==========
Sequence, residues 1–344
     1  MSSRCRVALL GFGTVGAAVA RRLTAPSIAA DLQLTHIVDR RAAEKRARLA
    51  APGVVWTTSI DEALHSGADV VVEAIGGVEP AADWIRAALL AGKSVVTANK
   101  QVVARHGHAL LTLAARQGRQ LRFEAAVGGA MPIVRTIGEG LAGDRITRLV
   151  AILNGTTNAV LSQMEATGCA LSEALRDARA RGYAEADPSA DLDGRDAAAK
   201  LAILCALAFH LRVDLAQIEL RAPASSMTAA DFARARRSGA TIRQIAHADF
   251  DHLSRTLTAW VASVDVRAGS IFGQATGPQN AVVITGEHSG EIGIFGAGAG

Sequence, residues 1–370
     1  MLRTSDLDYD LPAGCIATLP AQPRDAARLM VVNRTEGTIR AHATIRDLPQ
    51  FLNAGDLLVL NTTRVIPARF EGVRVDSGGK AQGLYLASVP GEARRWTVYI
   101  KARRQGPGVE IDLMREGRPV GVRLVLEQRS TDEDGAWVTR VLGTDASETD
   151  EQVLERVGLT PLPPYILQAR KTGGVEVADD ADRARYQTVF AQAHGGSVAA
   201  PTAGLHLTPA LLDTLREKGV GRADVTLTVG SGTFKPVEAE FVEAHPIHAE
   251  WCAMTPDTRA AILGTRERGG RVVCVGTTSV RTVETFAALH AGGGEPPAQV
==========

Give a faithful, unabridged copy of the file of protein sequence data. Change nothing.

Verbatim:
Sequence, residues 1–344
     1  MSSRCRVALL GFGTVGAAVA RRLTAPSIAA DLQLTHIVDR RAAEKRARLA
    51  APGVVWTTSI DEALHSGADV VVEAIGGVEP AADWIRAALL AGKSVVTANK
   101  QVVARHGHAL LTLAARQGRQ LRFEAAVGGA MPIVRTIGEG LAGDRITRLV
   151  AILNGTTNAV LSQMEATGCA LSEALRDARA RGYAEADPSA DLDGRDAAAK
   201  LAILCALAFH LRVDLAQIEL RAPASSMTAA DFARARRSGA TIRQIAHADF
   251  DHLSRTLTAW VASVDVRAGS IFGQATGPQN AVVITGEHSG EIGIFGAGAG

Sequence, residues 1–370
     1  MLRTSDLDYD LPAGCIATLP AQPRDAARLM VVNRTEGTIR AHATIRDLPQ
    51  FLNAGDLLVL NTTRVIPARF EGVRVDSGGK AQGLYLASVP GEARRWTVYI
   101  KARRQGPGVE IDLMREGRPV GVRLVLEQRS TDEDGAWVTR VLGTDASETD
   151  EQVLERVGLT PLPPYILQAR KTGGVEVADD ADRARYQTVF AQAHGGSVAA
   201  PTAGLHLTPA LLDTLREKGV GRADVTLTVG SGTFKPVEAE FVEAHPIHAE
   251  WCAMTPDTRA AILGTRERGG RVVCVGTTSV RTVETFAALH AGGGEPPAQV